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The problems with our healthcare system are well known and well documented -- and endlessly debated. What's not so apparent is that many of them arise because our healthcare system isn't, in fact, a system.
Rising costs, limited access, high error rates, lack of coverage, poor response to chronic disease and the lengthy development cycle for new medicines--most of these could be improved if we could link diagnosis to drug discovery to healthcare providers to insurers to employers to patients and communities. Today, these components, processes and participants that comprise the vast healthcare system aren't connected. Duplication and handoffs are rampant. Deep wells of lifesaving information are inaccessible.
A smarter healthcare system starts with better connections, better data, and faster and more detailed analysis. It means integrating our data and centering it on the patient, so each person "owns" his or her information and has access to a networked team of collaborative care. It means moving away from paper records, in order to reduce medical errors and improve efficiencies. And it means applying advanced analytics to vast amounts of data, to improve outcomes.
Smarter healthcare is instrumented, so our health systems can automatically capture accurate, real-time information. IBM's joint initiative with Google HealthTM and the Continua Health Alliance enables individuals and families to store and track their health information and stream data from medical devices. Implanet, a French orthopedics manufacturer, is using RFID technology to track surgical implants from manufacture until they're inside patients. And healthcare providers in Denmark are using predictive health systems with advanced telemetry to monitor elderly patients in their homes, sharing data instantly.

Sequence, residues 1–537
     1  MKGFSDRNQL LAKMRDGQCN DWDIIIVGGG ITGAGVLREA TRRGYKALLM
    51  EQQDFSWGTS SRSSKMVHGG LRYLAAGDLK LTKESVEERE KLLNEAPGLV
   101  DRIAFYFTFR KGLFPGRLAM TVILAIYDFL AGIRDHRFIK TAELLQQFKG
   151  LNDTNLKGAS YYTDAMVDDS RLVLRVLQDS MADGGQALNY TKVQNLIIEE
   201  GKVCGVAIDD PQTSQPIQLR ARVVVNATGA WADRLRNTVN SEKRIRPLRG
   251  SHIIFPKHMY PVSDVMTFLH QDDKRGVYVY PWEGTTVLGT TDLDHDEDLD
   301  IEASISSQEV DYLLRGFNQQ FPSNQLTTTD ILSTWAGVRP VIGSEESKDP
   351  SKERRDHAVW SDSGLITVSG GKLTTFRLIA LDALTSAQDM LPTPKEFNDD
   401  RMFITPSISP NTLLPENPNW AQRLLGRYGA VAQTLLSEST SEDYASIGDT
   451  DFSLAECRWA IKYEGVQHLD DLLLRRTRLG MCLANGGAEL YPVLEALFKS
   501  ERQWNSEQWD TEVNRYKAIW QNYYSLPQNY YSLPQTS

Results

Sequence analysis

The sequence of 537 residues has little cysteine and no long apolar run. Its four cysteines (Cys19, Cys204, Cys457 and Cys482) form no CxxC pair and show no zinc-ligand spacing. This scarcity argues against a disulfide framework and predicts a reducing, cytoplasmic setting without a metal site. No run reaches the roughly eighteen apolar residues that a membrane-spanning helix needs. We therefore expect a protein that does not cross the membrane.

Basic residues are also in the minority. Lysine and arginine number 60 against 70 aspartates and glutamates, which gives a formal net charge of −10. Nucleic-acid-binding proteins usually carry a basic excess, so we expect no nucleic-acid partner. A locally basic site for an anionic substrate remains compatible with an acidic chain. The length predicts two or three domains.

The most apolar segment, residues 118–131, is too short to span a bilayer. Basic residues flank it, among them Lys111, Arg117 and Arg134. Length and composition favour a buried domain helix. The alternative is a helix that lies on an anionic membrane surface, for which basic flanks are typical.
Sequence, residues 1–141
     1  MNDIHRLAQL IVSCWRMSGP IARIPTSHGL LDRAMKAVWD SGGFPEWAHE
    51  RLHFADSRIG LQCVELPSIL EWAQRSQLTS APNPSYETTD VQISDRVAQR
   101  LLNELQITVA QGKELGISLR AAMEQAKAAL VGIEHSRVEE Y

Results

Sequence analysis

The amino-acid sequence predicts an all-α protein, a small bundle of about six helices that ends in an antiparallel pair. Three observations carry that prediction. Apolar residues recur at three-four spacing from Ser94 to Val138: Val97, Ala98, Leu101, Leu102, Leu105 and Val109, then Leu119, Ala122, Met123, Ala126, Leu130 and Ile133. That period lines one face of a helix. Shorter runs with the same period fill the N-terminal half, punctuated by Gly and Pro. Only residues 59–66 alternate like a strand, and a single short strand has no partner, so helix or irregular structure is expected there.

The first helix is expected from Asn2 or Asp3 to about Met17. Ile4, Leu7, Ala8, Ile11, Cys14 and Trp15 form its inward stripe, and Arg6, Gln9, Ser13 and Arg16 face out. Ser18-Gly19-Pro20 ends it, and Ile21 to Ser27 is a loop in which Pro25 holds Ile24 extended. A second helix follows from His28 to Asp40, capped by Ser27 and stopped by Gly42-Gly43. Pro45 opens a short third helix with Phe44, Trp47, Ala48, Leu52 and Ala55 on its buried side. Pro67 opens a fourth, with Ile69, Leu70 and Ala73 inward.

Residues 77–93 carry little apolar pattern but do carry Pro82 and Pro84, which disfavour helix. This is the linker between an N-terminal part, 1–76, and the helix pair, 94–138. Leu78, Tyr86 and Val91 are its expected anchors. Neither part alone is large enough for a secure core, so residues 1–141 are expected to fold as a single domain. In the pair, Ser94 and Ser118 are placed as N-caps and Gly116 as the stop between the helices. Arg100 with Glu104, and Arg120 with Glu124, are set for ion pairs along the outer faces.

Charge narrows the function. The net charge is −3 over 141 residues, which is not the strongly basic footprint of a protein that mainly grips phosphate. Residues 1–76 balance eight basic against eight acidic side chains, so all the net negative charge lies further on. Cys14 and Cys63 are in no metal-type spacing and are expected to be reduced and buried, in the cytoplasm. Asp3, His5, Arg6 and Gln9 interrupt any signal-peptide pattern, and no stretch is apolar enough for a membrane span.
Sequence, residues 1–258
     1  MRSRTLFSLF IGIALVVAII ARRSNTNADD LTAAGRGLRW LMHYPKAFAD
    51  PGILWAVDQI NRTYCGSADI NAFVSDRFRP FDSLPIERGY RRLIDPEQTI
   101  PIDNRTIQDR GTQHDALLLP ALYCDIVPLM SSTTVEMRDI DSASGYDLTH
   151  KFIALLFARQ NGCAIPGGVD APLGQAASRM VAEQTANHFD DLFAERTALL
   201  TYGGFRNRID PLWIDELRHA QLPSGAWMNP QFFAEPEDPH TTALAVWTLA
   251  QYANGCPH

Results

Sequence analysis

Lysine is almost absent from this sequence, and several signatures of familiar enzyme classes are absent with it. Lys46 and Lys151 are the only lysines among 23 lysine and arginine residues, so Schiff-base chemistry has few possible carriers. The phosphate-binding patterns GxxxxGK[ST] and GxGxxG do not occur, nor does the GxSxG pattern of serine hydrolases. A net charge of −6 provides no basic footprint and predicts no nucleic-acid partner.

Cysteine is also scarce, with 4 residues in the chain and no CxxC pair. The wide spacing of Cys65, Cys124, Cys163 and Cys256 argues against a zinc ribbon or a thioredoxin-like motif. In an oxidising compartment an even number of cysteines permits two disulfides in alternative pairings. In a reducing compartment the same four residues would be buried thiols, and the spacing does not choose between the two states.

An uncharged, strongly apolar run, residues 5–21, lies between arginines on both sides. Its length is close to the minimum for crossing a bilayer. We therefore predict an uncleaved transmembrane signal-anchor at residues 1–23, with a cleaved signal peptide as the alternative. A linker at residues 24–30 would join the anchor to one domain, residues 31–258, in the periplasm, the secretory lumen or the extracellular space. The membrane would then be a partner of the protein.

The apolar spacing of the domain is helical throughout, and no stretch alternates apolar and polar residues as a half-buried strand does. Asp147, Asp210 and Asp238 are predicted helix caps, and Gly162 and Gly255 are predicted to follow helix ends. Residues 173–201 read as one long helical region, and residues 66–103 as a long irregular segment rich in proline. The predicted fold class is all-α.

Smarter healthcare is interconnected, so doctors, patients and insurers can all share information seamlessly and efficiently. Sainte-Justine, a research hospital in Quebec, is automating the gathering, managing and updating of critical research data, which is often spread across different departments. Then they're applying analytics to speed childhood cancer research and improve patient care--while drastically lowering the cost of data acquisition and enhancing data quality. Servicio Extremeño de Salud, a public healthcare service in Spain, has built a regionally integrated system that lets patients go to many health centers within the region, knowing a doctor there can have the patients' complete, up-to-date records for faster and more accurate treatment.
Smarter healthcare is intelligent, applying advanced analytics to improve research, diagnosis and treatment. Geisinger Health Systems is integrating clinical, financial, operational, claims, genomic and other information into an integrated environment of medical intelligence that helps doctors deliver more personalized care. This enables them to make smarter decisions and deliver higher- quality care, all because they can easily turn information into actionable knowledge. And IBM is helping some of the world's top universities develop a global network of medical data, giving doctors diagnostic resources that were once unimaginable. These repositories currently hold millions of digital images.
Smarter healthcare systems like these hold promise beyond their particular communities, patients and diseases. The smart ideas from one can be replicated across an increasingly efficient, inter- connected and intelligent system. This should result in lower costs, better-quality care and healthier people and communities. In other words, we'll have a true healthcare system, with the focus where it belongs -- on the patient.
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